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The relationship between the psychological contract and retention of staff in the banking sector in South Africa.

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ABSTRACT South African organisations are under a great deal of pressure to retain their available talent. Many industries have put in place talent management strategies to develop and retain staff, some of which remains unsuccessful. Furthermore, various factors such as the changing labour market, organisational transformation and the unstable global economic climate have affected the financial stability of organisations. The instability faced by organisations has ruptured relations of their employees causing distress and hence, resulting in employees seeking alternative employment. Thus, it is imperative to understand the employer-employee relationship under the terms and conditions of the psychological contract. The study focuses on establishing a relationship between the psychological contract and retention of staff in a banking institution in South Africa. The study was undertaken in Gauteng, South Africa, and was conducted within the retail IT department of a banking institution with a staff complement of 1400 staff. A sample of 304 professionals was drawn across using non-probability sampling technique. Data was collected using a questionnaire, the validity and reliability of which were determined by using Factor Analysis and Cronbach‟s Alpha Coefficient respectively. Data was analysed using descriptive and inferential statistics. The study established that there is a significant relationship between employees‟ expectations of their organisation and their importance of having these expectations met. The study established that there is a significant and direct relationship between the organisation‟s expectations of the employee and the importance of employees meeting those expectations. Various other findings relating to the dimensions of the psychological contract and the dimensions of employment information (career status, intention to seek alternative employment, employee commitment, job involvement, organisational support, job satisfaction, values and importance of work) were assessed and generated significant findings. Based on the results of the study, a model reflecting recommendations for managing the psychological contract and the employment information are presented, which when implemented, have the potential to enhance employee retention.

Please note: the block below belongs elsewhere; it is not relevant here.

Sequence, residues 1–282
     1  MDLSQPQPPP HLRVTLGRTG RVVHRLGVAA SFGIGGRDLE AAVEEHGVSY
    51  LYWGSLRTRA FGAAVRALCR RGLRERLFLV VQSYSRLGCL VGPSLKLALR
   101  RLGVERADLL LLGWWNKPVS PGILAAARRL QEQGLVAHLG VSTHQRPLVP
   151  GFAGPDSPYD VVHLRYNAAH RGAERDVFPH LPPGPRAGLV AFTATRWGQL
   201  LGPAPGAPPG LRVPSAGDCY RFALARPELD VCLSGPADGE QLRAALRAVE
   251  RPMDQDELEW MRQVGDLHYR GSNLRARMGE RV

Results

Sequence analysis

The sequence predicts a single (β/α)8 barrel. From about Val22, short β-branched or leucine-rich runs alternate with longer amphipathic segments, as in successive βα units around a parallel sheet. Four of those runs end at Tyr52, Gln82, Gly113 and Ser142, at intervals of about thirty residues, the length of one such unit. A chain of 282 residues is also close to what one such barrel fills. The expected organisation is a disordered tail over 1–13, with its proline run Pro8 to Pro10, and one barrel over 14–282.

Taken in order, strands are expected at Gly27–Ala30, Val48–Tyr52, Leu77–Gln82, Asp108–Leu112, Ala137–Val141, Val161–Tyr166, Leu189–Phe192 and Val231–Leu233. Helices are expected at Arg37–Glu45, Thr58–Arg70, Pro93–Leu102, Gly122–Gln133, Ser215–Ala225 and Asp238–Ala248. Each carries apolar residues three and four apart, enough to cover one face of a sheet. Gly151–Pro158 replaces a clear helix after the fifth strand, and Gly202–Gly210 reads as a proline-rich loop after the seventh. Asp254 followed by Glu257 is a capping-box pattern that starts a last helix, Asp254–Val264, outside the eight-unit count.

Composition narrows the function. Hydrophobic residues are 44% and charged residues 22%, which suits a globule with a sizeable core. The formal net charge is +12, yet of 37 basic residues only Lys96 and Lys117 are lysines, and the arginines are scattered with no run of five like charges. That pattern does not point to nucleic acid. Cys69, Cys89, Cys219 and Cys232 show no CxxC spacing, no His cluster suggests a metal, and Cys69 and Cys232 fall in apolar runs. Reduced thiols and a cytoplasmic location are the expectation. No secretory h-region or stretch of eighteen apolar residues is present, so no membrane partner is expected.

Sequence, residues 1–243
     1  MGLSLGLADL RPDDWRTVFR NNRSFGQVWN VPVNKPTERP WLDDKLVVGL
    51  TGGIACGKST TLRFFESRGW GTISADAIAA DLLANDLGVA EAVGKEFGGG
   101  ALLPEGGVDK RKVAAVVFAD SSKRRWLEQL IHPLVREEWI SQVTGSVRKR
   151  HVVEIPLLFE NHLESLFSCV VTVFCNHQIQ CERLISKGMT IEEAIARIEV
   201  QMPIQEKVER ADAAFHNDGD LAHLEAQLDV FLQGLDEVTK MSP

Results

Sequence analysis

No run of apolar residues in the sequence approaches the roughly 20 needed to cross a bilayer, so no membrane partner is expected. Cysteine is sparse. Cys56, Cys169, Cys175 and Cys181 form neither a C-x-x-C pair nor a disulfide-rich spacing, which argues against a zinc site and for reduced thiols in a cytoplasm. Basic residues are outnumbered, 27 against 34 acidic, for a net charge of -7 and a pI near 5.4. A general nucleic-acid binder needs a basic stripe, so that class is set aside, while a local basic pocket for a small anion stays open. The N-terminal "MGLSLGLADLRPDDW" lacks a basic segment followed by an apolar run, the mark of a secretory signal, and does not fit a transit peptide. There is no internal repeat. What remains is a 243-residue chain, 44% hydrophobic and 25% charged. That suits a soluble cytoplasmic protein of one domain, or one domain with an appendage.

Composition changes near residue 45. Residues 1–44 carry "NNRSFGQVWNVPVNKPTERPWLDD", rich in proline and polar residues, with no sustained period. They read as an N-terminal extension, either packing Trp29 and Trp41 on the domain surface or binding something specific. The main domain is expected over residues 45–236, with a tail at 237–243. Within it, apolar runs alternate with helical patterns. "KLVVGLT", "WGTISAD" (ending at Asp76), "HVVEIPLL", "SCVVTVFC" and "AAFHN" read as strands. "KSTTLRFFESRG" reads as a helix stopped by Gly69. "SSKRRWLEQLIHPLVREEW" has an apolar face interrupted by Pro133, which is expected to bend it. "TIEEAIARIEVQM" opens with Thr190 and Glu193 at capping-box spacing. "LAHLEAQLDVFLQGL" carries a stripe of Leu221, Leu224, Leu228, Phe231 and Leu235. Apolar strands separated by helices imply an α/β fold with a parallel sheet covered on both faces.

Master’s Degree. University of KwaZulu-Natal, Durban.